a "job description" for the player - a soldier controlling missiles: a
typical hero. It is harder to understand Tetris (Pazhitnov 1985),
where you must combine a series of falling bricks.
Missile Command (Atari 1980)
Tetris (Atari's 1986 version.)
Tetris does not have a visible actor either, and it does not seem possible
to construct any actor controlling the falling bricks. "Tetris - the movie"
does not seem like a viable concept. But Tetris is incredibly popular,
and nobody is disputing its status as a computer game.
But how can computer games be abstract and without points of identification,
and yet be interesting? - No matter how variable or even absent the protagonist
in computer games, the player is always constant. The reader/viewer need
an emotional motivation for investing energy in the movie or book; we
need a human actant to identify with. This is probably also true for the
computer game, only this actant is always present - it is the player.
The player is motivated to invest energy in the game because the game
evaluates the player's performance. And this is why a game can be much
more abstract than a movie or a novel, because games involve the player
in a direct way.
This discrepancy raises many issues. In a game, the player works to reach
a goal. The thing is then that this goal has to mimic the player's situation.
It seems, for example, that a game cannot have the goal that the player
should work hard to throw the protagonist under a train.
As a player, the goal has to be one that you would conceivably want to
A final argument: The avant-garde fallacy
There is a final counter-argument to the points set forth here: The problem
with my description of story as having existents and events, my description
of time, my description of the player/game relation as unique could be
this: That I am ignoring the experimental narratives of the 20th century,
works that do not simply subscribe to the story/discourse duality, activate
the reader much more, and do not have a sense of being past or prior.
We can explore this with a few select examples.
Jean-Luc Godard's Pierrot le fou would serve as an example of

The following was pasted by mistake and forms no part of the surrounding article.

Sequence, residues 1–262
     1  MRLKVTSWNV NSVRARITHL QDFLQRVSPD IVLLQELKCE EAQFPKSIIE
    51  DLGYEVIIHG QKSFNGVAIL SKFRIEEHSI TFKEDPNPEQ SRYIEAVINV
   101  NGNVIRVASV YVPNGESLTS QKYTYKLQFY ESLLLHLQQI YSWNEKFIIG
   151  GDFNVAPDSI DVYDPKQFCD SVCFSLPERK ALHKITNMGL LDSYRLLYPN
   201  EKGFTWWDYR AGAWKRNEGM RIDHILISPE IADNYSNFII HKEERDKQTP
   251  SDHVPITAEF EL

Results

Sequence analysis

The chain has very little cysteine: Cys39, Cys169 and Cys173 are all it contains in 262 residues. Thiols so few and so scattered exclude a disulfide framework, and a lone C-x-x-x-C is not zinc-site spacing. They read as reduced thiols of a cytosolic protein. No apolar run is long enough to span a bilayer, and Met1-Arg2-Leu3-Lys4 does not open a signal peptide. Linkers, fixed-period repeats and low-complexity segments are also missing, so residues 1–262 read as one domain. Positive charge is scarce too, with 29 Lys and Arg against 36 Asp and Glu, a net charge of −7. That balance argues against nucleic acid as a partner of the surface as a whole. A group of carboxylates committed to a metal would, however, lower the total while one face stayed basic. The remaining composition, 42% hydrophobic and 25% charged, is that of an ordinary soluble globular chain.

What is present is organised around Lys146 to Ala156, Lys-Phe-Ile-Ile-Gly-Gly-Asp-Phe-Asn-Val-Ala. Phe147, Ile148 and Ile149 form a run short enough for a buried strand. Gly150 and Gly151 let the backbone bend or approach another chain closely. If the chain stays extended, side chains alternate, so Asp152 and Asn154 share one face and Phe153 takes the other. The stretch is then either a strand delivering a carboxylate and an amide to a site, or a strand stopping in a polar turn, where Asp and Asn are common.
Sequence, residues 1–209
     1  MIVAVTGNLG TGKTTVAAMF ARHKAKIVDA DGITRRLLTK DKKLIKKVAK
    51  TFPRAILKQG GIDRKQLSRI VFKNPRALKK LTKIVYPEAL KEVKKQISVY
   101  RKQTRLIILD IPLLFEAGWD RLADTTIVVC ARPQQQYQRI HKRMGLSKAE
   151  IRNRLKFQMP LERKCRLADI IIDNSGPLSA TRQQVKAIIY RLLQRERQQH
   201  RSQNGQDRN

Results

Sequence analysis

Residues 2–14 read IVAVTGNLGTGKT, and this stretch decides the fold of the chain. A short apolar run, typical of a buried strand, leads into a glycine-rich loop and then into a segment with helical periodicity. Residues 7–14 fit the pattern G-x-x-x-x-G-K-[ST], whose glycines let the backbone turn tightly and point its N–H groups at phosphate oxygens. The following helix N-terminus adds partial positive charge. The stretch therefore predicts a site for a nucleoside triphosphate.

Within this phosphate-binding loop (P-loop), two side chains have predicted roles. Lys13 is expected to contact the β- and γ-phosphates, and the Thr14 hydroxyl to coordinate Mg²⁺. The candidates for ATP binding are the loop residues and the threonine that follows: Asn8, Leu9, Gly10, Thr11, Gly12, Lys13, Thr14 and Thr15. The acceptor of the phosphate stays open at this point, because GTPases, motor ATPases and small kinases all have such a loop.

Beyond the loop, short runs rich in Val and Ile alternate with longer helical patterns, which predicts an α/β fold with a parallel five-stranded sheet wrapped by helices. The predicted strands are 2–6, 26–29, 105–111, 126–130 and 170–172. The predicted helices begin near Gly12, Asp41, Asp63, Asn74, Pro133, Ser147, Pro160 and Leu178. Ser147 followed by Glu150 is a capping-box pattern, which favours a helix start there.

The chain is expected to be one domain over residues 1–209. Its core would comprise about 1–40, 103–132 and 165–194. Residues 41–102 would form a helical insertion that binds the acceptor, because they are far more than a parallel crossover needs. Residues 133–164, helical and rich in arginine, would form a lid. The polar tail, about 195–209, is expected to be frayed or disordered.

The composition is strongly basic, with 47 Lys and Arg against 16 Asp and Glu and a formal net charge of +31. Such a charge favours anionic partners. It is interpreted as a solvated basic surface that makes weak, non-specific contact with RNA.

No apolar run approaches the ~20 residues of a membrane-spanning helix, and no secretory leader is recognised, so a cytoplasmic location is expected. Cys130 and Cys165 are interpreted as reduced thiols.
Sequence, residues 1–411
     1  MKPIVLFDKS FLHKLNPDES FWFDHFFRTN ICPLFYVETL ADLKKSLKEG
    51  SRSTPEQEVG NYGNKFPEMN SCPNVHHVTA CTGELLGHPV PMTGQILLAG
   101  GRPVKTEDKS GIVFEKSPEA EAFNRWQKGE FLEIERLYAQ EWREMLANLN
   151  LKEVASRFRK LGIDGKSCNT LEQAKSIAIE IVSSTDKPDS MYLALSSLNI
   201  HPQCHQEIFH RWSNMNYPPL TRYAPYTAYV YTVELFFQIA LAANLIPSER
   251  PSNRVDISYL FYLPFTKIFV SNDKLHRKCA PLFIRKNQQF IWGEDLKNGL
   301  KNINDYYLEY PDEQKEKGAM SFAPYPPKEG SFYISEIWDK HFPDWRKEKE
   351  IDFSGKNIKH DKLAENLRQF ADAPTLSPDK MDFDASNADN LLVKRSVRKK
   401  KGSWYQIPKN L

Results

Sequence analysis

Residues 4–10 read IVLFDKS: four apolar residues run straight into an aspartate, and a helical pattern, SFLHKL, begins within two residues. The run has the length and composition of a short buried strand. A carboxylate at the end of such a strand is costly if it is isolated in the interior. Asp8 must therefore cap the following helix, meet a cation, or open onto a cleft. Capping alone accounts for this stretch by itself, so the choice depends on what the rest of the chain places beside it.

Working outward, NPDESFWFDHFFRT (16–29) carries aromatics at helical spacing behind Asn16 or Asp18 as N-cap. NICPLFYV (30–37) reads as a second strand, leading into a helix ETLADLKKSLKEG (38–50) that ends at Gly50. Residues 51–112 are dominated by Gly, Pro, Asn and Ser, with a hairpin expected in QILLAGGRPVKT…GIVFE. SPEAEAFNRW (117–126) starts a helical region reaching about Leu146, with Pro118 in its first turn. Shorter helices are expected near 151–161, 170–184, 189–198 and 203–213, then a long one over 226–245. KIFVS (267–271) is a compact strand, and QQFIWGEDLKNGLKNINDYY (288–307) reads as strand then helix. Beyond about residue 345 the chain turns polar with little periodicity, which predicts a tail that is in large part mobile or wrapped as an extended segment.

a movie where it is hard to construct a coherent story due to numerous
temporal skips and distanciations such as the actor's addressing the camera.
This foregrounding of the discourse has a sense of immediacy that would
make it ripe for a game adaptation - if only we could figure what the
game should be about.
And during the creation of Naked Lunch, William Burroughs writes
the follow explanation to Allen Ginsberg:
[...] the usual novel has happened. This novel is happening.
(Burroughs 1993, p. 375)
It may be obvious that the more open a narrative is to interpretation,
the more emphasis will be on the reader/viewers efforts now.
The difference between the now in narratives and the now in games is that
first now concerns the situation where the reader's effort in interpreting
obscures the story - the text becomes all discourse, and consequently
the temporal tensions ease. The now of the game means that story time
converge with playing time, without the story/game world disappearing.
Games rely on having goals that can be deciphered by the player and something
obstructing the player's possibility of reaching the goals. Narratives
are basically interpretative, whereas games are formal. Or, in cybertextual
terms, stories have an interpretative dominant, whereas games have a configurative
dominant. (Eskelinen 2001.) While readers and viewers are clearly more
active than some theories have previously assumed, they are active in
a different way.
The idea of using experimental narratives to answer the opening question
suffers from the problem that the very emphasis on interpretation and
ontological instability that would make the narrative more immediate and
thus closer to the game, in itself would make a game unplayable.
I would like to repeat that I believe that: 1) The player can tell stories
of a game session. 2) Many computer games contain narrative elements,
and in many cases the player may play to see a cut-scene or realise a
narrative sequence. 3) Games and narratives share some structural traits.
Nevertheless, my point is that: 1) Games and stories actually do not translate
to each other in the way that novels and movies do. 2) There is an inherent
conflict between the now of the interaction and the past
or "prior" of the narrative. You can't have narration and interactivity
at the same time; there is no such thing as a continuously interactive
story. 3) The relations between reader/story and player/game are completely
different - the player inhabits a twilight zone where he/she is both an
empirical subject outside the game and undertakes a role inside
Even if this article has been somewhat structural in its orientation,
I would like to state that I think we need to consider games as fairly